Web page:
The Consumer Price Index (CPI) for April confirmed medical inflation is matching the broad measure of price changes. For the second month, price changes for medical care (0.3 percent) were in line with all-items (0.4 percent). Although, it looks like a jump in energy prices drove the CPI up. If energy price increases moderate, we can expect prices for medical care to increase faster than CPI.
With respect to medical commodities, it prices of prescription drugs continued to increase faster than other medical commodities or commodities over all. Although, pharmaceutical price hikes in the CPI are not as big as in the Producer Price Index. Prices for many health goods and services actually dropped.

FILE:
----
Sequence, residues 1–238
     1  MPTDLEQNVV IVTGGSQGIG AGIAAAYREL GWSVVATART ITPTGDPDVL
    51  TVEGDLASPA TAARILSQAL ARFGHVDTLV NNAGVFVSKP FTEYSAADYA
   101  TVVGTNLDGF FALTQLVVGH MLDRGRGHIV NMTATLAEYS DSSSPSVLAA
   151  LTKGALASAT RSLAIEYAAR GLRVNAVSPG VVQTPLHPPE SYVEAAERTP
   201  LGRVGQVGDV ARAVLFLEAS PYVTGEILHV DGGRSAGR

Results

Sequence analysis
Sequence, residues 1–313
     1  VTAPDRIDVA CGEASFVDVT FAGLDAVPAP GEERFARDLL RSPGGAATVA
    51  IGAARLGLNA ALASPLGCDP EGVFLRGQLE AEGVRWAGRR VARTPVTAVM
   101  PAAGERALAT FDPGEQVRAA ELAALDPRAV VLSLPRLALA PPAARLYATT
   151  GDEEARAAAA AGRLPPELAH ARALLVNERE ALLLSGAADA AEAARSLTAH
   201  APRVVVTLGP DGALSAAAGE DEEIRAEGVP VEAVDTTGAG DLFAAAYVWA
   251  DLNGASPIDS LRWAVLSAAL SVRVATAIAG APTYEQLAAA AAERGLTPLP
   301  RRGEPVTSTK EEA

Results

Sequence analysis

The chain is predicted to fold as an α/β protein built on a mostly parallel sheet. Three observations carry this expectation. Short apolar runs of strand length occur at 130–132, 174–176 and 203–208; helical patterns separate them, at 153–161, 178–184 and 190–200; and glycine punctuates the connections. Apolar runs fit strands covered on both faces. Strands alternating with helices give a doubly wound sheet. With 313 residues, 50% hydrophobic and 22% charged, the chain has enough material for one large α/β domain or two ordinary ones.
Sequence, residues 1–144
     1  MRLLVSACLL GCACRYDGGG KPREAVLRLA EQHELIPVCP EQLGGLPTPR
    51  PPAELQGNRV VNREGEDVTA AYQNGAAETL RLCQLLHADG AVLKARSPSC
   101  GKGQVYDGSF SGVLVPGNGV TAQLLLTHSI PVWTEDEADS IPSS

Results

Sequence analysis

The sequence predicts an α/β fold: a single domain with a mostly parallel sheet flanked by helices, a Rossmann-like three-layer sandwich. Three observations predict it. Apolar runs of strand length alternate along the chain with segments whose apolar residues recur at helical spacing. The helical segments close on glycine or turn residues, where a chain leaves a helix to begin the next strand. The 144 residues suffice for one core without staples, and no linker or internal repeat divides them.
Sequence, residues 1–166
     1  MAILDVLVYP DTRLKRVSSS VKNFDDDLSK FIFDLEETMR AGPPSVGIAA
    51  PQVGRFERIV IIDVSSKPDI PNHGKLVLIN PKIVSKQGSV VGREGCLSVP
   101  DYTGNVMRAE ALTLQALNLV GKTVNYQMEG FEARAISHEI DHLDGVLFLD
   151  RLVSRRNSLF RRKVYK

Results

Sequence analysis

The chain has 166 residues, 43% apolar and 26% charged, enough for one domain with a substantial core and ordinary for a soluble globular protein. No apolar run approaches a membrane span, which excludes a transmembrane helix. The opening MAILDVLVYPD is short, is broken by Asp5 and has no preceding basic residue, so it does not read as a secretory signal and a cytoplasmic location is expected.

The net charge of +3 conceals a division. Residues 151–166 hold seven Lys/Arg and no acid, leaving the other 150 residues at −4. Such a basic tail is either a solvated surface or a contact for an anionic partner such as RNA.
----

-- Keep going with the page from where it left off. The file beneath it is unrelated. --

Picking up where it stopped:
However, over the last twelve months, medical prices faced by consumers have grown much faster than non-health prices: 3.0 percent versus 1. percent. Prescription prices increased 4.0 percent, as did prices for inpatient hospital services. Health insurance increased 5.8 percent.
(See Table I below the fold.)